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Task Forces/archival

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Task force on PWP Archival

  • Leader(s):
    • Tim Cole, University of Illinois
    • Ayla Stein, University of Illinois

Members (Please add your name, organization)

  • Deborah Kaplan, Safari Books
  • Leonard Rosenthol, Adobe
  • Tzviya Siegman, Wiley
  • Heather Flanagan, RFC Editor
  • Ayla Stein, University of Illinois
  • Tim Cole, University of Illinois
  • Bill Kasdorf, Apex
  • Markus Gylling, IDPF & DAISY
  • Nicholas Taylor, Stanford University

Meeting Agendas and Minutes

The Task Force will meet at 1 PM Eastern (US) on first and third Thursday of February, March, April and May. Agendas (and all other TF discussions) should be posted to the IG email list; subject line should be prefixed '[dpub-arch]'.

See separate WebEx page for information about joining TF calls.


The Portable Web Publications for the Open Web Platform (PWP) document includes a limited description of how the PWP needs to support archiving. This task force will review that text, reach out to the library and archive community for more detailed requirements and use cases, and offer feedback to the Digital Publishing Interest Group.

Information of interest will include finding out whether archival institutions have run into technical issues (e.g., missing information) when archiving large number of EPUB documents. What information, either in metadata or in the document format, should be provided to making archiving easier? What information is missing and what is necessary for a PWP to make the job of archivists easier? What prototypical archiving service use cases drive these requirements?

Some of the answers will point to areas entirely outside the scope of the PWP; capturing that information will be useful as well.


The TF will focus on formal archiving service and content preservation workflow use cases and requirements that potentially impact and/or inform practices for publishing on the Open Web Platform. This encompasses archiving done at the time of original publication as well as archiving done later in a publication's life cycle (e.g., by harvesting content available on the Web), including:

  • Archiving of their own content done by publishers;
  • Archiving done by trusted 3rd parties working in collaboration with publishers, e.g., Portico, LOCKSS / CLOCKSS;
  • Archiving done by national libraries and other entities serving as depositories of record;
  • Archiving done by general Web archives, e.g., the Internet Archives.


The Task Force will strive to complete its work by the end of May 2016.


  1. Revised text and additional references (links) for the PWP white paper.
  2. Archiving use cases illustrating dependencies and requirements relevant to the work of the IG.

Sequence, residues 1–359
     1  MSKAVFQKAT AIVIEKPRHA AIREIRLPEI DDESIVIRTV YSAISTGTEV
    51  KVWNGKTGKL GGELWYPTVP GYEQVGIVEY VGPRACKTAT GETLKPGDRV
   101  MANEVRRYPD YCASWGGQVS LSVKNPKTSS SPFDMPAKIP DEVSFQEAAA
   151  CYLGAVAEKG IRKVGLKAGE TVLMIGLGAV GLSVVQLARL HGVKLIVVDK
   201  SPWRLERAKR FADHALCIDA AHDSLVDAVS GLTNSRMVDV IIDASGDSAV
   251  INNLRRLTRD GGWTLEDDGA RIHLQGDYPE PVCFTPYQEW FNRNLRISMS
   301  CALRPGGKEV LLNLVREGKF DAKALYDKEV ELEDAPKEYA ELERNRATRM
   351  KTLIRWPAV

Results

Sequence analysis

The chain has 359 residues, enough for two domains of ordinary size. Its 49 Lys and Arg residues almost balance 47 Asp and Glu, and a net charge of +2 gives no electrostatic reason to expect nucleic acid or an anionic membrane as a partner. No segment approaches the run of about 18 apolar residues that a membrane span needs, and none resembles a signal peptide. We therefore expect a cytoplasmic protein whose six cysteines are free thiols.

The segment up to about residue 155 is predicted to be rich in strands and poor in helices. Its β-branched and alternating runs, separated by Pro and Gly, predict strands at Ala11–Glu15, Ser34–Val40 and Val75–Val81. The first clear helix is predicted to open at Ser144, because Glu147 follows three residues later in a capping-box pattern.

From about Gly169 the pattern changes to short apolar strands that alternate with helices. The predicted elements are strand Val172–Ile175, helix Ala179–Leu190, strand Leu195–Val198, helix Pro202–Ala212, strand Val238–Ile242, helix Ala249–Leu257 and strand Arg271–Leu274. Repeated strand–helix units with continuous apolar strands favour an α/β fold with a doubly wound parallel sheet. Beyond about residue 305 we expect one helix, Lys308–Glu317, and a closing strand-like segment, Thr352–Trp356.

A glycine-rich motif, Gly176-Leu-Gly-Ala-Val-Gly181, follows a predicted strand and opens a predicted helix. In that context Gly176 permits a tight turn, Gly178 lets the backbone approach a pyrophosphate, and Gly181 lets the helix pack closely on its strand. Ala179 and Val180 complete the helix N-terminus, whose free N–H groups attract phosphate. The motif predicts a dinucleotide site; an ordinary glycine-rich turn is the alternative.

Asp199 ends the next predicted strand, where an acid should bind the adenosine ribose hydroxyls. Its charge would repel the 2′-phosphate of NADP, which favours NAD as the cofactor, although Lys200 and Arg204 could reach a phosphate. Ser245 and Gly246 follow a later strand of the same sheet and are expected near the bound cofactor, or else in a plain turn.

Points to Consider

The Task Force will take advantage of existing standards, documented best practices, relevant use cases, community terminology, etc.



TF Members, to avoid duplication of effort, please add here organizations / initiatives you are contacting to learn more about archiving services and requirements.


  • Archival Quality: "adj. ~ 1. Records media · Resistant to deterioration or loss of quality, allowing for a long life expectancy when kept in controlled conditions. - 2. Records storage conditions · Not causing harm or reduced life expectancy. Notes: ANSI/AIIM deprecates the use of 'archival' because it is a highly subjective term. Rather, they suggest using measures of 'life expectancy', which are based on empirical tests. While no materials meet the ideal definition of 'archival', many archivists use the term informally to refer to media that can preserve information, when properly stored, for more than a century." [1]
  • Archivist: "n. ~ 1. An individual responsible for appraising, acquiring, arranging, describing, preserving, and providing access to records of enduring value, according to the principles of provenance, original order, and collective control to protect the materials' authenticity and context. - 2. An individual with responsibility for management and oversight of an archival repository or of records of enduring value." [2]
  • Digital preservation: "Digital preservation is the active management of digital content over time to ensure ongoing access." [3]
  • Immutability: "The quality of being unchanging. Notes: The content of a document is fixed in that it is stable and resists change, but it may not be immutable. Words may be erased or added. 'Immutability' connotes a significantly greater resistance to change, such that any change is clearly evident. In information technology, immutability is accomplished by creating a process to demonstrate that the record has not been altered. [4]
  • Life expectancy:
    • "n. ~ The length of time that an item is expected to remain intact and useful" [5]
    • "Life Expectancy (LE) is a term that describes the stability of imaging materials. The standard has always been "archival." But when computer folks say archival, they are talking about something that is usable in 2 months. When librarians say archival, they mean forever. Life expectancy is a new term that accommodates both ends of this continuum. The definition of Life Expectancy is the length of time that information is predicted to be [stable]" [6]
  • Persistent object preservation: "A technique to ensure electronic records remain accessible by making them self-describing in a way that is independent of specific hardware and software." [7]